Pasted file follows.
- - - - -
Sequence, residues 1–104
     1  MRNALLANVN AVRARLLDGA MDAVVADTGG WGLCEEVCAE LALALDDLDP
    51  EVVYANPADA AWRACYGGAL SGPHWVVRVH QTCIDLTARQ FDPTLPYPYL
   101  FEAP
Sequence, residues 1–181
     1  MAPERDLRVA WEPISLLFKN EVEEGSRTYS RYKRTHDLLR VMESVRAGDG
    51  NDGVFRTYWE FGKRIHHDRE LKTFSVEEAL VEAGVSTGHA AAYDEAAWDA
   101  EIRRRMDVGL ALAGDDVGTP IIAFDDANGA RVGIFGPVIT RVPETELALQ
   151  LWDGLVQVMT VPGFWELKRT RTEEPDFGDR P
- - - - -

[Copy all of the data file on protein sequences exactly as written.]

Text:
Sequence, residues 1–104
     1  MRNALLANVN AVRARLLDGA MDAVVADTGG WGLCEEVCAE LALALDDLDP
    51  EVVYANPADA AWRACYGGAL SGPHWVVRVH QTCIDLTARQ FDPTLPYPYL
   101  FEAP
Sequence, residues 1–181
     1  MAPERDLRVA WEPISLLFKN EVEEGSRTYS RYKRTHDLLR VMESVRAGDG
    51  NDGVFRTYWE FGKRIHHDRE LKTFSVEEAL VEAGVSTGHA AAYDEAAWDA
   101  EIRRRMDVGL ALAGDDVGTP IIAFDDANGA RVGIFGPVIT RVPETELALQ
   151  LWDGLVQVMT VPGFWELKRT RTEEPDFGDR P